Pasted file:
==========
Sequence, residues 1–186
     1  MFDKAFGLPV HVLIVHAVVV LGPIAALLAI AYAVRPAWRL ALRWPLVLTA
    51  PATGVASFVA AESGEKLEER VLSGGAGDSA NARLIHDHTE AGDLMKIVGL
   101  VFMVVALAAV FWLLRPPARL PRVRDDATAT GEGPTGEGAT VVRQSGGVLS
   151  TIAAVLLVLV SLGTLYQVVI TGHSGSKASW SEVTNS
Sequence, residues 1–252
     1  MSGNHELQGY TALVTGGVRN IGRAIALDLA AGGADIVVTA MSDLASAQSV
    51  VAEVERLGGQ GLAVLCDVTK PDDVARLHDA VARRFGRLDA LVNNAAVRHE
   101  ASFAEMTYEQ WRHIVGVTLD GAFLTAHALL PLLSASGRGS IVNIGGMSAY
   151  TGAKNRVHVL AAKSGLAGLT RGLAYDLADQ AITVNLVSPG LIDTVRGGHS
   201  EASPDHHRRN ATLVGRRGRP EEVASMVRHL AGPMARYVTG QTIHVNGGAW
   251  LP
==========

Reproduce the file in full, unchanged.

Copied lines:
Sequence, residues 1–186
     1  MFDKAFGLPV HVLIVHAVVV LGPIAALLAI AYAVRPAWRL ALRWPLVLTA
    51  PATGVASFVA AESGEKLEER VLSGGAGDSA NARLIHDHTE AGDLMKIVGL
   101  VFMVVALAAV FWLLRPPARL PRVRDDATAT GEGPTGEGAT VVRQSGGVLS
   151  TIAAVLLVLV SLGTLYQVVI TGHSGSKASW SEVTNS
Sequence, residues 1–252
     1  MSGNHELQGY TALVTGGVRN IGRAIALDLA AGGADIVVTA MSDLASAQSV
    51  VAEVERLGGQ GLAVLCDVTK PDDVARLHDA VARRFGRLDA LVNNAAVRHE
   101  ASFAEMTYEQ WRHIVGVTLD GAFLTAHALL PLLSASGRGS IVNIGGMSAY
   151  TGAKNRVHVL AAKSGLAGLT RGLAYDLADQ AITVNLVSPG LIDTVRGGHS
   201  EASPDHHRRN ATLVGRRGRP EEVASMVRHL AGPMARYVTG QTIHVNGGAW
   251  LP